Tuesday, November 22, 2011

Would any Nairn shopkeeper be as bold?

With cash coming up soon for shopfront makeovers this observer wonders if anyone in the town centre would go with a Gaelic only shopfront like this one in Clifden, Connemara. Clifden is outside of the remaining Gaeltacht, Irish speaking areas but like elsewhere all the public buildings had bilingual signage and some shops too but this one was Gaeilge only. It wasn't selling anything much different from half-a-dozen other similar shops but it was the busiest of them all and to this observer it was obviously the signage that was attracting the tourists.


Anonymous said...

It would seem that some citizens of the town only want signs such as Tescos, Lidl, or Aldi added to the High Street. I doubt that they would adopt a Gaelic only signage

Anonymous said...

Why not use Polish instead? more people in Nairn would understand it than Gaelic!

Graisg said...

At the last census there were nearly 200 speakers resident in Nairn and another 100 that although not speaking the language could understand it. Since then there are now 40 bairns in the Gaelic unit and more enrolling in the nursery each year.
How many polish speakers are there in Nairn? The same or more, wouldn't bother me if they wanted a bilingual education for their kids in Polish/English either or started a przedszkola dla dzieci(?) The more languages kids in Nairn learn to speak the better.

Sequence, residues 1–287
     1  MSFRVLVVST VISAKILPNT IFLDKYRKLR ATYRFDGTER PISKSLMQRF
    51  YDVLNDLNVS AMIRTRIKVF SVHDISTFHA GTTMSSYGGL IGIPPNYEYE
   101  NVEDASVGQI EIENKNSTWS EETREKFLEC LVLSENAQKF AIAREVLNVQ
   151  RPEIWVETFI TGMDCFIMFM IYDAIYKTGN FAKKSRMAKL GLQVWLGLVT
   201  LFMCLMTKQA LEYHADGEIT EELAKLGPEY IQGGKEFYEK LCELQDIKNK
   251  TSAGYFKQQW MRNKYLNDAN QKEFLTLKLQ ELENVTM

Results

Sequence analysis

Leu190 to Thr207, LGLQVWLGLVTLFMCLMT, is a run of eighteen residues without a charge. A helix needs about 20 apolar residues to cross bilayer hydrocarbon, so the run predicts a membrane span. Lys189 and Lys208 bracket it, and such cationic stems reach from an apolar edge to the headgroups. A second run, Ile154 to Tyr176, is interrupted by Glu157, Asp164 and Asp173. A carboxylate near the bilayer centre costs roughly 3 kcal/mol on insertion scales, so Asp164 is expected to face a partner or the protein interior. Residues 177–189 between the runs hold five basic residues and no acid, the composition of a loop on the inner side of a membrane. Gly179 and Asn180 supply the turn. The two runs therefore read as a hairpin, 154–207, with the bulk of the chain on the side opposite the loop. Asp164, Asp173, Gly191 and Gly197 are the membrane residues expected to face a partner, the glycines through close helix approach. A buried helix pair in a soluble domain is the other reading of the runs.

By the way it wouldn't bother me if Nairn shops wanted to use Polish or any other language. After all what is a Delicatessen?

Graisg said...

Anon, I'm not putting that comment up I don't know enough about the standard and provision of the non-gaelic nurserys in Nairn. If you can provide me with statistics however then fine.
The rest of your comment as follows fine:
"Of the 200 speakers in Nairn I would doubt half of them could hold a meaningful conversation in Gaelic, and would go as far as to suggest there probably are more Polish speakers than that within the boundary’s. There will certainly be more people who could have a conversation in French.

The point you were original alluding to was could a business successfully open up using only Gaelic as a communications medium? I would argue not. I know this is a thorn in your side but generally people in Nairn do not care about Gaelic, do not want to learn it and are not interested in their tax pounds funding it. I was born of nairn parents and have lived here pretty much all my life I do not identify with the language at all. "

Graisg said...

"only Gaelic as a communications medium? "

No Gaelic only signs to draw tourists in is what I was on about, inside the shop then whatever language you like :-)